However, the tanning process for most leather products can be equally damaging to factory workers, as they often expose them to coal-tar derivatives, formaldehyde, and even occasionally a cyanide base. This means that plastic-based leather products aren’t necessarily worse than the alternative.

Recently, a new form of polyurethane has come on the market that relies on 100% recycled material and uses a plant-based finish instead of oil. This is more sustainable in the long run and considered to be healthier for its manufacturers as well.


In general, high quality vegan leather looks little different than the real thing, and a variety of manufacturing techniques means that it can be utilized in almost any way that genuine leather is used.


Because of its plastic base, most vegan leathers have a chemical like, almost fishy scent that occasionally takes a while to dissipate.


Vegan leather can be formulated to take on almost any appearance, meaning that there is rarely much difference between high quality faux leather and the real thing.

However, vegan leather starts to look different as it ages. Because it is made from synthetic materials, vegan leather won’t form a patina with use.

In the same way, vegan leather tends to be less durable because it is often thinner and more lightweight. While high quality cow leather can last decades, it’s usually lucky to get a year of use out of vegan leather shoes.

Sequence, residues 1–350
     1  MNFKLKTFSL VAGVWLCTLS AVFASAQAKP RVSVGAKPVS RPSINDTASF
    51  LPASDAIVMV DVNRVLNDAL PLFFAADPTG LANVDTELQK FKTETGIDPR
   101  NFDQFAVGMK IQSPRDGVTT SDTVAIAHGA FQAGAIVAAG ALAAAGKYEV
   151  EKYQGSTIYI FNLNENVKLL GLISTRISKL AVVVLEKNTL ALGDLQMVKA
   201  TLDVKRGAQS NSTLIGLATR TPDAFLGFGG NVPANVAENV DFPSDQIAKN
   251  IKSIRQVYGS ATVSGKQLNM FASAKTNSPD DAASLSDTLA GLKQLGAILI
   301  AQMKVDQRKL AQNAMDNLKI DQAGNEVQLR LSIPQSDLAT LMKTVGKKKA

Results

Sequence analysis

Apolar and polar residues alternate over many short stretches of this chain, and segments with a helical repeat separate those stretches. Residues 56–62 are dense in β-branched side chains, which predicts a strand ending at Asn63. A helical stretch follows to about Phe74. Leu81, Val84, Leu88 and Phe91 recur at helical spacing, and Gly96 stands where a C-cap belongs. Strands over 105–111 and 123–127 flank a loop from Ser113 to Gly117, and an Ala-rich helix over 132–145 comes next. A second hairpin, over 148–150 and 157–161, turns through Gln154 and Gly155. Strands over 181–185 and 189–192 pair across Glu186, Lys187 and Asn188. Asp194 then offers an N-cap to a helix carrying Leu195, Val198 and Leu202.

Vegan leather is thinner than the regular variety, making it ideal for keeping up with ever changing fashion trends. However, it can make you feel sweaty from lack of breathability.


Making leather from plastic polymers is far cheaper than using animal skins, meaning that vegan products are consistently cheaper than the alternative. However, the cost of vegan leather is going up as it continues to be considered an essential for high fashion.


Vegan leather might offer a cruelty free option for animal lovers, but is it really better for the environment? While the term “vegan” might imply but faux leather is a step ahead for the good of the planet, the actual facts tell a different story.